In The smile of Pan Lambert placed a cynically smiling plaster head of Pan on a table beside a smiling woman and contrasted the sculpted head with the human head but echoed the expression of the sculpture in the woman’s face. We do not know any more about this woman than can be deduced from the image. By counterpoising the sculpted bust with this lady, Lambert may have intended to suggest that she was a follower of Pan. But the woman, like the sculpted
Pan, seems to be turned to stone, fixed without motion.
This clinically cool painting is typical of Lambert’s precise and ordered approach at the time. The objects have been carefully selected and meticulously painted. His limited use of colour contributes to the disquieting mood of the image, which is increased by the odd juxtaposition of human, natural and man-made forms.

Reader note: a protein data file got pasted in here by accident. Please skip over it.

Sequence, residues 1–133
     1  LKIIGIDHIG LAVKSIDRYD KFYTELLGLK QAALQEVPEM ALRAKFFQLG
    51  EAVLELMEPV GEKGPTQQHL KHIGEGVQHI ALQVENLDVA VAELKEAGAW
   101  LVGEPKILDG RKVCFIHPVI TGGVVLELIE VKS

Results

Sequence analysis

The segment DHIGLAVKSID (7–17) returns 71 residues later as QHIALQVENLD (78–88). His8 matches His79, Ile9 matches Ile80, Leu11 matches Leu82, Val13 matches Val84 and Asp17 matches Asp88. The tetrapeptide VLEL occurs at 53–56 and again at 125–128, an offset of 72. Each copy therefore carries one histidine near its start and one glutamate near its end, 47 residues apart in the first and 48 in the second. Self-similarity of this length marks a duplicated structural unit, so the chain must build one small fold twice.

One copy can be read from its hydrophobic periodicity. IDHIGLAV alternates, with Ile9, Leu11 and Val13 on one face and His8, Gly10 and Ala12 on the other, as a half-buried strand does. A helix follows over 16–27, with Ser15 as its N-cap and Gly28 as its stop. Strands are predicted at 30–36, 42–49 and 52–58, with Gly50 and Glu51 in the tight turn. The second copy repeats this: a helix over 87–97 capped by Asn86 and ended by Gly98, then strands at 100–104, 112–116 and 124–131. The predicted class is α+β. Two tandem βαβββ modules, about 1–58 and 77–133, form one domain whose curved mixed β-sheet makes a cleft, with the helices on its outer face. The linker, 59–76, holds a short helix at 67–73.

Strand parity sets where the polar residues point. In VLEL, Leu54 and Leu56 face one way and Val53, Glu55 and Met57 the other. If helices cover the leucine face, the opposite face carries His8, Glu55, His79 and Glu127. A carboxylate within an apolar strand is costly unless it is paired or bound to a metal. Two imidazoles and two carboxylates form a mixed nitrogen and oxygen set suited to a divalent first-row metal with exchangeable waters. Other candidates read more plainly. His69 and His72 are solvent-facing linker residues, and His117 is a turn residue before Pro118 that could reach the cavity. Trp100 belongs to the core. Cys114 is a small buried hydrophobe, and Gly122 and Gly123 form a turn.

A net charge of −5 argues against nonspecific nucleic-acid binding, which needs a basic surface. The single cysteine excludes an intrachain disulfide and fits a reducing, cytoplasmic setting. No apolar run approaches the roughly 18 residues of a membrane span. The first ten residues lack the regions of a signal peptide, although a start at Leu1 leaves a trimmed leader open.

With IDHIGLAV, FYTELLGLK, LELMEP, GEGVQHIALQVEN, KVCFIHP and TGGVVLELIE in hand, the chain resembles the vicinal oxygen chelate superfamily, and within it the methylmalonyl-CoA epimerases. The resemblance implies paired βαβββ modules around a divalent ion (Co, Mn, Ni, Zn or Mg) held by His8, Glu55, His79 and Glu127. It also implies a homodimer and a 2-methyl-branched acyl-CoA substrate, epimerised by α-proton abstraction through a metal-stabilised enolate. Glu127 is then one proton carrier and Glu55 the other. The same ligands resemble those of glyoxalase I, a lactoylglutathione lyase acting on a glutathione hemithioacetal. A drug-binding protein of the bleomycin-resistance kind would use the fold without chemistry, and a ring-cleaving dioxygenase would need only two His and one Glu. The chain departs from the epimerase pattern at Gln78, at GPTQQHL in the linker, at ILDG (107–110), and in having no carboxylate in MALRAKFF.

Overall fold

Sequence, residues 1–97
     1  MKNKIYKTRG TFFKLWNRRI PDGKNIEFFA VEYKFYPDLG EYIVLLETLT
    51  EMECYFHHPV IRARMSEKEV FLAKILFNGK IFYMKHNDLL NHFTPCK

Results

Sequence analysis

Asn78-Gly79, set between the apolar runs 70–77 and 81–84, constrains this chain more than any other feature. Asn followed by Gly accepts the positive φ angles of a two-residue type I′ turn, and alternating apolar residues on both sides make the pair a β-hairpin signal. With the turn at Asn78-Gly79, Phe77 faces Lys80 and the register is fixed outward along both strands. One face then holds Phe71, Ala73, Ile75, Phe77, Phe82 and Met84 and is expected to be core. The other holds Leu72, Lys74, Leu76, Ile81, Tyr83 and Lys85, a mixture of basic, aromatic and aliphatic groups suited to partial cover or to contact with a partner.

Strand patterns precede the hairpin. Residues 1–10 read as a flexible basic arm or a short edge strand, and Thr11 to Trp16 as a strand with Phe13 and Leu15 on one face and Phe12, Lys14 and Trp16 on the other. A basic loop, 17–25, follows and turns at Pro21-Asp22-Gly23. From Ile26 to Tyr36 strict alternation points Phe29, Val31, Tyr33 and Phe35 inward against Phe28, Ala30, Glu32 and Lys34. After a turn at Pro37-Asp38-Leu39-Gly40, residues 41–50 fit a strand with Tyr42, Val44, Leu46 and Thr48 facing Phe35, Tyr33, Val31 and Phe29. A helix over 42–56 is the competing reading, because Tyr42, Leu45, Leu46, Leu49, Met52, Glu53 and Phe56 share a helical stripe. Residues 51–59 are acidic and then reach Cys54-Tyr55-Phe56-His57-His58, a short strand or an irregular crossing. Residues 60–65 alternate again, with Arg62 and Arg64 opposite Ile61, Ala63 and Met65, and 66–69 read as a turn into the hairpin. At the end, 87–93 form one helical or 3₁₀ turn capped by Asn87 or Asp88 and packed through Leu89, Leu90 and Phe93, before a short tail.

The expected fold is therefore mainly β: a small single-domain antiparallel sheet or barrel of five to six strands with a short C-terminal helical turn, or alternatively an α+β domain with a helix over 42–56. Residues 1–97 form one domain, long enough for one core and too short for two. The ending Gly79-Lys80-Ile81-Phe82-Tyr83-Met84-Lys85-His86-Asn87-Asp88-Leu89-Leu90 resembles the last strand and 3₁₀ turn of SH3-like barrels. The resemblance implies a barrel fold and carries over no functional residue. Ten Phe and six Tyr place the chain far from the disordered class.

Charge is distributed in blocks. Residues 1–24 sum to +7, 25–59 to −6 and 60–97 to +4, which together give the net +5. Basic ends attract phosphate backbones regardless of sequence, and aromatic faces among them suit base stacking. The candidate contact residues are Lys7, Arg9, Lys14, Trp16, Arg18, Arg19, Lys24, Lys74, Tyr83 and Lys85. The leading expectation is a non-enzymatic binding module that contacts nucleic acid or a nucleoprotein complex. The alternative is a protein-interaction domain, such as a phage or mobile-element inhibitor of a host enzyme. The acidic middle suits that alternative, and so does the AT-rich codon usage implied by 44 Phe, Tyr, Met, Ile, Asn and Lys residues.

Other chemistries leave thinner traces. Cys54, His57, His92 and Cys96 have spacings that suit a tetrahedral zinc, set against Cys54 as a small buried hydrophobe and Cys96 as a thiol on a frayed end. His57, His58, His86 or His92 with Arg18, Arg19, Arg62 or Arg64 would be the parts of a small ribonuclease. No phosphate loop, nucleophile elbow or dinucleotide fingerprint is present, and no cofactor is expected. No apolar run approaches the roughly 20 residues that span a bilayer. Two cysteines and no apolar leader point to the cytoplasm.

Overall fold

Pan’s hybrid nature as beast and god made him an ideal character through which to comment on the opposition between natural forces and the ideal or the civilised. As in Pan is dead (cat.48), in this painting Lambert included white gloves, a status symbol of good manners in the Edwardian era, and white flowers, the symbol of truth and purity. This reinforces the triple-sided aspect of this image – the contrast between the bestial side of Pan and the rigidity of Edwardian society, and the contrast of both of these against the innocence of the flowers. But the imagery becomes more complex if we see the flowers as narcissi, the symbol of innocence but also of conceit, self-love and excessive pride – and of self-knowledge.